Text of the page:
As I write this it the early hours of Christmas Eve 2014. I haven’t written much on this blog for the last few weeks, but I have been busy teaching at the university and writing my second e-book ‘Japan: Notes from the Obstacle Course’ which shall be all about being disabled in Japan.

Thanks for reading this blog this year, and for buying my e-book Gaijin Story

Next year I hope to post much more and to publish more both in the print media and on this blog, and my second e-book should be out next year.

Once again thanks for reading and a merry Christmas, see you in 2015.

Over 2,600 people with disabilities abused in Japan in fiscal 2013: gov’t survey

Over 2,600 people with disabilities abused in Japan in fiscal 2013: gov’t survey

From The Mainichi News

A total of 2,659 people with disabilities in Japan were subjected to abuse in fiscal 2013, according to a survey conducted by the Ministry of Health, Labor and Welfare.

The ministry survey revealed that the number of reports and guidance requests over abuse cases involving people with disabilities at local governments totaled 7,123. Of those, 2,280 cases were acknowledged as abuse. The results showed that the number of abuse cases has increased at welfare facilities compared to figures reported in the last half of fiscal 2012.

According to the study, a total of 263 abuse cases at care facilities were reported in fiscal 2013, which accounted for 11.5 percent of all cases reported in the period, up from 80 cases in the last six months to March 2013.

Types of abuse include physical maltreatment at 56.3 percent, psychological and verbal abuse at 45.6 percent, sexual abuse at 11.4 percent, financial abuse such as exploitation at workplaces at 6.8 percent and neglect at 4.6 percent, among others.

Meanwhile, 1,764 cases of abuse by family members, some 77.4 percent, were reported. The most common type of abuse was physical abuse at 63.3 percent, followed by psychological abuse at 31.6 percent, financial abuse at 25.5 percent and neglect at 18.9 percent.

The most common type of abusers at care facilities were care workers who assist those with disabilities at 43.7 percent. In addition, some 40 percent of abuse victims were categorized as level five or six disability on a level from one to six with six being the most severe, showing a tendency for people with severe disabilities being at risk of being abused.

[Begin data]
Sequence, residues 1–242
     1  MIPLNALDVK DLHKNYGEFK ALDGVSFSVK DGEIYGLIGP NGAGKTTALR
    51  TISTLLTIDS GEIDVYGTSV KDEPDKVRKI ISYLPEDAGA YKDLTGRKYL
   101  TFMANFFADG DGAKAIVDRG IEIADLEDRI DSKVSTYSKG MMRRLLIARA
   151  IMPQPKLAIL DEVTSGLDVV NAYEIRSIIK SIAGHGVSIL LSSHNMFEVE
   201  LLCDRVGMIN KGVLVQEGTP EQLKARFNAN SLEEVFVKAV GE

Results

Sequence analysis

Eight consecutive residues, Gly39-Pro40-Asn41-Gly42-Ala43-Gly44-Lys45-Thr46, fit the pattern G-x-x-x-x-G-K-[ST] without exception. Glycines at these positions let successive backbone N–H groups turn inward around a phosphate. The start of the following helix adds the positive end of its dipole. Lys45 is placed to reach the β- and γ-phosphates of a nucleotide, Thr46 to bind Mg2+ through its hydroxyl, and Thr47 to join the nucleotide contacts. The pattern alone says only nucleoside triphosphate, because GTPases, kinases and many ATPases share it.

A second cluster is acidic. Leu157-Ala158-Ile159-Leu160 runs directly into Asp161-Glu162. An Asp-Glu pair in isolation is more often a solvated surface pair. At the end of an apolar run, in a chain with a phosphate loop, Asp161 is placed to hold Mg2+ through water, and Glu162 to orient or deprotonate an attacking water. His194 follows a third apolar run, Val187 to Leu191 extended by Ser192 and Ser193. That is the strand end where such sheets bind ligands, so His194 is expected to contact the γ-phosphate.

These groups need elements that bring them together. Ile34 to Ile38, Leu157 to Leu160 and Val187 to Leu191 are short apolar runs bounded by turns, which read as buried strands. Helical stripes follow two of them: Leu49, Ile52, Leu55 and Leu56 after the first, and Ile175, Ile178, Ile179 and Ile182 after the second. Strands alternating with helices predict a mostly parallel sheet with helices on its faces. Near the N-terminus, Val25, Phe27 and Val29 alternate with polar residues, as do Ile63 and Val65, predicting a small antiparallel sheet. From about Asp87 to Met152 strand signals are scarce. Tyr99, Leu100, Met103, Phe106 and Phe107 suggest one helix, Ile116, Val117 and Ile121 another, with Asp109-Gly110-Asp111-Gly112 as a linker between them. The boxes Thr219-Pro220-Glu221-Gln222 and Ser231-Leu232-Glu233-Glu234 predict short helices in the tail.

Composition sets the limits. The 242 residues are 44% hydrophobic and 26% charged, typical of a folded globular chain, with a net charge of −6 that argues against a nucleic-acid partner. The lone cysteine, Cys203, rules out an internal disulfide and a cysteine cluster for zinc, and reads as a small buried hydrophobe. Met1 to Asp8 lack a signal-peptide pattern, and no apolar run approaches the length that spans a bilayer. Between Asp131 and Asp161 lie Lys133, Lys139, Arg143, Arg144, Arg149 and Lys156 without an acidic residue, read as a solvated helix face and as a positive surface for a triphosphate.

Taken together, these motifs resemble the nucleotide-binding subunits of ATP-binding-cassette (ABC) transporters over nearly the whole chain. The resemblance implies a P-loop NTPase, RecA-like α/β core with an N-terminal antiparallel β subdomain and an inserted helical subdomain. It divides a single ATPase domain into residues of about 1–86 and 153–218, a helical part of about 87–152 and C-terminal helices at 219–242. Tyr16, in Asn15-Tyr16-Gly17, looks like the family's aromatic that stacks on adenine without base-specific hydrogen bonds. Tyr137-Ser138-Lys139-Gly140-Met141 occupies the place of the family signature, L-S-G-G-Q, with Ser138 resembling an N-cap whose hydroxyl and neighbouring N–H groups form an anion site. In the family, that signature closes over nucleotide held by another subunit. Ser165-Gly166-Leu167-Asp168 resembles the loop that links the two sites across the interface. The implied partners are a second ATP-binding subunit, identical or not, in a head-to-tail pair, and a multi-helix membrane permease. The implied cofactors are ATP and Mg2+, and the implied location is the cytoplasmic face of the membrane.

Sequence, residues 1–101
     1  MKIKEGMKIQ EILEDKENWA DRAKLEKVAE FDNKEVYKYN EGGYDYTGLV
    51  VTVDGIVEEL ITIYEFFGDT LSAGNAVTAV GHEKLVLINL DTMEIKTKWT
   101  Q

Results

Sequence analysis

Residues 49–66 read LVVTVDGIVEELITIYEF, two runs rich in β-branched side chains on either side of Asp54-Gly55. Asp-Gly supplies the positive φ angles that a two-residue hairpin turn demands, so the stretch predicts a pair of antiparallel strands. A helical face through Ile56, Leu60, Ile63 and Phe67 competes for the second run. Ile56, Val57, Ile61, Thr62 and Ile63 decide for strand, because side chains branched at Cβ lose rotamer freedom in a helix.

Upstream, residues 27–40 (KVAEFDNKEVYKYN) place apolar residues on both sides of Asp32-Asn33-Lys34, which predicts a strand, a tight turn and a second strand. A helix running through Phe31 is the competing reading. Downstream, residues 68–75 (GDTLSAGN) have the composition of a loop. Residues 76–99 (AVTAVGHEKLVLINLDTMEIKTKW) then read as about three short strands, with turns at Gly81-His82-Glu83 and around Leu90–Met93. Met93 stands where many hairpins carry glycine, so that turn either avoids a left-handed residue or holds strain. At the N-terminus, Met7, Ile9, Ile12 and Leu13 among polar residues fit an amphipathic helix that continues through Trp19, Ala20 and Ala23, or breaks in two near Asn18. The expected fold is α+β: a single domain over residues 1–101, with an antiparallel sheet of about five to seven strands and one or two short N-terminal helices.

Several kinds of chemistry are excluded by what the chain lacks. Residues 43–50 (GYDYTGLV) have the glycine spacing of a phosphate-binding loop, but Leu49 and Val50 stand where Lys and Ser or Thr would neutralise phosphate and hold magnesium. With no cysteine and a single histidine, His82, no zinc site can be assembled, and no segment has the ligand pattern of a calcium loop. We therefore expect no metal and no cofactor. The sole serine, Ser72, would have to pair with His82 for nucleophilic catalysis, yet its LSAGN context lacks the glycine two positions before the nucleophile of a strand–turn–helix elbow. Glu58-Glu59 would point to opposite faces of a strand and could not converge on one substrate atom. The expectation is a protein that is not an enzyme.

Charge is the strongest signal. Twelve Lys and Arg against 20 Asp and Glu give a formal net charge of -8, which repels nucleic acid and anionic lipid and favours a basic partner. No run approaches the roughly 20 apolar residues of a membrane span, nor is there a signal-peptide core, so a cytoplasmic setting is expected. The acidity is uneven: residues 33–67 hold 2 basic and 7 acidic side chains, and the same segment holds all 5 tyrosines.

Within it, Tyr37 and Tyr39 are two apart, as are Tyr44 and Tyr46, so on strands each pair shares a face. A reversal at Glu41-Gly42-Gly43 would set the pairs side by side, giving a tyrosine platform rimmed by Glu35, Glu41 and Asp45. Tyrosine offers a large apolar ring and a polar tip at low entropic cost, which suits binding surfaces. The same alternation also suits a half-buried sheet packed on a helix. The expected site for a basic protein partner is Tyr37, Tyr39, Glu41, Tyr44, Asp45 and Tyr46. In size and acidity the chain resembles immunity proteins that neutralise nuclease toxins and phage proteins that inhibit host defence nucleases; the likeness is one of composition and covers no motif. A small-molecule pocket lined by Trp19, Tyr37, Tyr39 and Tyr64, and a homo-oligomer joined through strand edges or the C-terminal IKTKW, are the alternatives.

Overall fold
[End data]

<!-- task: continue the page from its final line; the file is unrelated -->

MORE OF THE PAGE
The law on anti-violence toward people with disabilities obliges care facility staff to report abuse cases as soon as they witness them. However, only 11.7 percent of reports came from care facility staff. A health ministry official said local governments’ fully-fledged awareness campaigns and training toward acknowledging abuse cases may have attributed to the increased number (compared to the last survey), but it seems to be difficult for care facility staff to report abuse cases at their workplace.

Does Japan have sex on the brain?

Dear reader, I have to confess the following:  there has been too much sex in my life in Japan recently.  I suppose, on the face of it, that to some would not sound like a bad thing, certainly not something to offer sympathy over; I do live in the land of cute Japanese women, so how could I complain?  Well let me tell you how.

On November 2nd, I was scanning through my YouTube subscriptions and I came across a video by ‘Unrested’, whom I know and as a fellow Osaka resident.  He was alerting his audience in, shall we say passionate terms, about Real Social Dynamics and a man that goes by the name of ‘Julien Blanc’.  There was a link to a video in which ‘Julien Blanc’ reportedly spoke.  He said:

“If you’re a white male in Tokyo, you can do what you want. I’m just romping through the streets, just grabbing girls’ heads, just like, head, pfft on the dick, head on the dick, yelling, ‘Pikachu,’ with a Pikachu shirt”.

He continues to suggest the following:

“Every foreigner who is white at least does this, and you’ll be roaming through the streets, and there’s Japanese people everywhere, and you’ll spot that one foreigner, and your eyes will lock, and you know that he knows that you know, and it’s like this guilty look like you both f**ked a hooker or something.”